Though you may have talked and prepared, it is still natural to grieve when somebody dies and you are deprived of a direct relationship with them. Hopefully, though the grieving is less painful and more bearable and you can be more supportive of each other.
Everyone experiences grief in different ways. That is normal. For some rebuilding a life is a gradual climb. For others it is more like rolling waves with ups and downs.
Elisabeth Kübler-Ross developed a five stage model of the grieving process as a loose framework to describe a general process of grief of how a person might move through it.
Some people go through all these stages, others may not experience any. ‘Our grieving is as individual as our lives,’ Kübler-Ross said.
Common symptoms of grief can be:
- Shock and disbelief
- Physical symptoms (fatigue, nausea, weight fluctuation, insomnia, dry mouth, dizziness, breathlessness)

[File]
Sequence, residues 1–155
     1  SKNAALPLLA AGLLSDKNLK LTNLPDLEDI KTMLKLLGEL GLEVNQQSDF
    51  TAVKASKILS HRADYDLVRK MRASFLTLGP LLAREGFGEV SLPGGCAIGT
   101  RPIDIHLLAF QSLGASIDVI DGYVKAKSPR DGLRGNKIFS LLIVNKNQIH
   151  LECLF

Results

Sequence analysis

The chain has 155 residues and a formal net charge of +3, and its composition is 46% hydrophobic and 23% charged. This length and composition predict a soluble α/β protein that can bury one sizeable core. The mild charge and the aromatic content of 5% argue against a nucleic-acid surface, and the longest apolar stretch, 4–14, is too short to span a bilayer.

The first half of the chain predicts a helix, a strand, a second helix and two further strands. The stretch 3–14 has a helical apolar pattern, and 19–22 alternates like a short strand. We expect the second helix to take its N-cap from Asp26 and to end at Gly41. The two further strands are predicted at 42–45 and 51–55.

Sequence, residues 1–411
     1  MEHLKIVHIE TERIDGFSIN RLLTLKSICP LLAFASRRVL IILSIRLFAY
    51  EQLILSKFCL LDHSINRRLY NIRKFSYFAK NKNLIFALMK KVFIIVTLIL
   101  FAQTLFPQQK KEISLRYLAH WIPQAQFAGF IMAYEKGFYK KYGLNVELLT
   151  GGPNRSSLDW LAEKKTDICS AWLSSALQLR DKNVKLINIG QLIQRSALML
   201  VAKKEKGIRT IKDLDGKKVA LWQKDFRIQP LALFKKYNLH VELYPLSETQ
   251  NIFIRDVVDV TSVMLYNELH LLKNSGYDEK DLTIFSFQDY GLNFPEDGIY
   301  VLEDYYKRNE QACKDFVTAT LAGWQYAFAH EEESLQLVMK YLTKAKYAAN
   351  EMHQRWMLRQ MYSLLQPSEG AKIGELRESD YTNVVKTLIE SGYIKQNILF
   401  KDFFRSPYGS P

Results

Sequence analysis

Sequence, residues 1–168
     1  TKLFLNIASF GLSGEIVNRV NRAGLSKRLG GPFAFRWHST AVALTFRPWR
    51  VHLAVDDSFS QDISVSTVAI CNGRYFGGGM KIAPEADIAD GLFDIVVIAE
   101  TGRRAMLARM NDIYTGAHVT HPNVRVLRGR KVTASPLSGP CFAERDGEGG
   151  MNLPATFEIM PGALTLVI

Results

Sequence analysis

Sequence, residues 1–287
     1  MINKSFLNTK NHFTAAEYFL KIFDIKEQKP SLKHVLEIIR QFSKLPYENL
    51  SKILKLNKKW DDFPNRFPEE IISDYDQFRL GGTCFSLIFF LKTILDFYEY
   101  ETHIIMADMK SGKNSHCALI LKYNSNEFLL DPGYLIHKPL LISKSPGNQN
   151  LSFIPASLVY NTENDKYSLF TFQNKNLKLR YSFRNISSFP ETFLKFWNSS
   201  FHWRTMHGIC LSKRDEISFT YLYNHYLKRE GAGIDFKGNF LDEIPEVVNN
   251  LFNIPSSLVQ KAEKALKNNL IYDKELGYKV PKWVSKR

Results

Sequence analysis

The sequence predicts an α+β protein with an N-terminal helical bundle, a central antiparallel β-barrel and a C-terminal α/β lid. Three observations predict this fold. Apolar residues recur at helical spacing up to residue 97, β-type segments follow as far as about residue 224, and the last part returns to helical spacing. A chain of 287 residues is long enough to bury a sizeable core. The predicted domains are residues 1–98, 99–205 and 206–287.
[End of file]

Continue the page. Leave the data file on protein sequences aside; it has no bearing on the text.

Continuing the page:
Remember that feelings of grief can start before a person dies. There is a loss of how things used to be and changes in the relationships.
Also, someone dying may feel a sense of grief before they die – the loss of their future and all that goes with it, for example important personal or family milestones.
Cruse is a charity that specialise in bereavement care and discusses in detail the issues surrounding different scenarios of grief and how to cope. They also offer support.